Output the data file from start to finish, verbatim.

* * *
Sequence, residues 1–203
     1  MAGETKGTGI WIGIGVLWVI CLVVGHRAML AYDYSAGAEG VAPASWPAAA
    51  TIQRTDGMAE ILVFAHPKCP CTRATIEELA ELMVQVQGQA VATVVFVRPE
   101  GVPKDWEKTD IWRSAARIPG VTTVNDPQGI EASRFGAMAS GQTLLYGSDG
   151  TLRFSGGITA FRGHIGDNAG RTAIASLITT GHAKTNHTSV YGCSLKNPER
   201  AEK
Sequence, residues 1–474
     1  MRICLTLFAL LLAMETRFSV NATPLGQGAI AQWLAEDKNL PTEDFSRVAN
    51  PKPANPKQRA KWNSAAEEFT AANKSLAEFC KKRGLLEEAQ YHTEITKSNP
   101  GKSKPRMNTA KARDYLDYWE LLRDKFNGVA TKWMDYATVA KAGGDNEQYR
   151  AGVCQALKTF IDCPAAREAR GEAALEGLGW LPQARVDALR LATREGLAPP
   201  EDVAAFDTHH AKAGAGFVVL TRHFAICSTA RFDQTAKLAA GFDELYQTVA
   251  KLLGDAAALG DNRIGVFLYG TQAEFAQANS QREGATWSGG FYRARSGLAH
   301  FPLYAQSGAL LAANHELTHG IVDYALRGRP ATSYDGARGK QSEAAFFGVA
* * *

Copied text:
Sequence, residues 1–203
     1  MAGETKGTGI WIGIGVLWVI CLVVGHRAML AYDYSAGAEG VAPASWPAAA
    51  TIQRTDGMAE ILVFAHPKCP CTRATIEELA ELMVQVQGQA VATVVFVRPE
   101  GVPKDWEKTD IWRSAARIPG VTTVNDPQGI EASRFGAMAS GQTLLYGSDG
   151  TLRFSGGITA FRGHIGDNAG RTAIASLITT GHAKTNHTSV YGCSLKNPER
   201  AEK
Sequence, residues 1–474
     1  MRICLTLFAL LLAMETRFSV NATPLGQGAI AQWLAEDKNL PTEDFSRVAN
    51  PKPANPKQRA KWNSAAEEFT AANKSLAEFC KKRGLLEEAQ YHTEITKSNP
   101  GKSKPRMNTA KARDYLDYWE LLRDKFNGVA TKWMDYATVA KAGGDNEQYR
   151  AGVCQALKTF IDCPAAREAR GEAALEGLGW LPQARVDALR LATREGLAPP
   201  EDVAAFDTHH AKAGAGFVVL TRHFAICSTA RFDQTAKLAA GFDELYQTVA
   251  KLLGDAAALG DNRIGVFLYG TQAEFAQANS QREGATWSGG FYRARSGLAH
   301  FPLYAQSGAL LAANHELTHG IVDYALRGRP ATSYDGARGK QSEAAFFGVA